(Updates with quotes from shark attack survivor)
By Michael Perry
SYDNEY, Oct 15 An Australian woman fought off a Great White Shark on Monday after it knocked her into the water from her surf ski at a popular tourist beach.
"I thought this is it, he is going to grab my leg. I had my blade (paddle) and I just kept punching, punching, punching," Linda Whitehurst told local television.
Whitehurst suffered only small lacerations on her right arm in the fight with the 2.5-metre (eight-foot) shark, before scrambling back onto her surf ski and paddling to shore at Byron Bay's famous surfing beach "The Pass" on Australia's east coast.
"The shark circled the kayak (surf ski) and then swam directly at her," police inspector Owen King told local radio.
"She was able to (defend herself from) the shark by striking it in the mouth with the paddle from the kayak. The shark then took off and swam away from her."
Whitehurst was about 150 metres (450 feet) from shore.
Boats patrolled the area looking for the shark and people were advised not to go in the water. The beach reopened a few hours later.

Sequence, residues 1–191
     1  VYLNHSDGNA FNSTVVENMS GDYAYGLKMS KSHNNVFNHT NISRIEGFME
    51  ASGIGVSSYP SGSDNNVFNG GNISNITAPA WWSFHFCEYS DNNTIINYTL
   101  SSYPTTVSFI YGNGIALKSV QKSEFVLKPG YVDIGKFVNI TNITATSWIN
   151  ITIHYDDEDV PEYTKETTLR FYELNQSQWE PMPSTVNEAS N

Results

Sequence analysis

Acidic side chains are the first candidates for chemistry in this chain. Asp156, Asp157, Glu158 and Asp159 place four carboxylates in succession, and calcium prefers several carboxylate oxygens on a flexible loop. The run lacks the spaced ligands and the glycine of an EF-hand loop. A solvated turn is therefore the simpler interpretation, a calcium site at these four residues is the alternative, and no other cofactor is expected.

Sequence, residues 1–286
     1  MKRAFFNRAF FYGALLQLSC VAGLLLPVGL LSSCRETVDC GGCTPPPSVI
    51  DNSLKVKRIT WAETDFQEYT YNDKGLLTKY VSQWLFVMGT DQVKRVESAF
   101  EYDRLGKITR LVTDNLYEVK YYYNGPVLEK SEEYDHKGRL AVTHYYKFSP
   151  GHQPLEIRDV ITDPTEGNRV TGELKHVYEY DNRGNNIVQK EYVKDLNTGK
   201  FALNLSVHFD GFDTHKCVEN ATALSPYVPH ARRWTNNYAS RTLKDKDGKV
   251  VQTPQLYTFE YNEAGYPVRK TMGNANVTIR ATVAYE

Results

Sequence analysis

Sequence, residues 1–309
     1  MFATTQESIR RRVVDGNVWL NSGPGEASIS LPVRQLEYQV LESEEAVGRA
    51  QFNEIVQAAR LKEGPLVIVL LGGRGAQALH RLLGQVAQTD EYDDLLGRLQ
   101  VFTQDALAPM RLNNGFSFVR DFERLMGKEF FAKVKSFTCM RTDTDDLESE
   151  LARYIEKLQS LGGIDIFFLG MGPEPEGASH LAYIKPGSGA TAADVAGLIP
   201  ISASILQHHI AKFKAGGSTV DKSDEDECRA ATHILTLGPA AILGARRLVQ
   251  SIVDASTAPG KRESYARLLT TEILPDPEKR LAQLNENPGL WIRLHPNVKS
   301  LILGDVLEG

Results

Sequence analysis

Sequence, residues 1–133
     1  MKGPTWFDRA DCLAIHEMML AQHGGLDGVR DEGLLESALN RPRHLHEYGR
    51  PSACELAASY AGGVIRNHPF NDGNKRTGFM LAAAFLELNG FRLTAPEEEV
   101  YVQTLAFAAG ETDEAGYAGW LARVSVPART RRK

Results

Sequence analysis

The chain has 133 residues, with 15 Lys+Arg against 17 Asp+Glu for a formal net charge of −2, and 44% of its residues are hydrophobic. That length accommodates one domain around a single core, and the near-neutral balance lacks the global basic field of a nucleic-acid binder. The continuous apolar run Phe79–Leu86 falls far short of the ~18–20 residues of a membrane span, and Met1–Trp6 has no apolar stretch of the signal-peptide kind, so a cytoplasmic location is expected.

Lifeguards said the attack was the second incident involving a Great White in less than a week.
"There was a similar incident last Tuesday when a man in a kayak was menaced by a Great White, about eight to 10 foot long, at Wategos Beach, just the next beach around from where this woman was attacked today," said lifeguard Stephen Leahy.
The attack was the second in Australia in three days.
A 31-year-old man was bitten by a bronze whaler shark on Saturday while spearfishing off a charter boat on the Great Barrier Reef.
Sharks, even Great Whites, are protected in Australia.
An Australian abalone diver miraculously escaped a Great White Shark attack in January after the shark half-swallowed him head first.
The diver's lead weight vest saved his life by stopping the shark's teeth from biting him in half and the shark then released the diver.
Australia had six shark attacks in 2006, according to the U.S.-based International Shark Attack File. There were 62 shark attacks worldwide in 2006.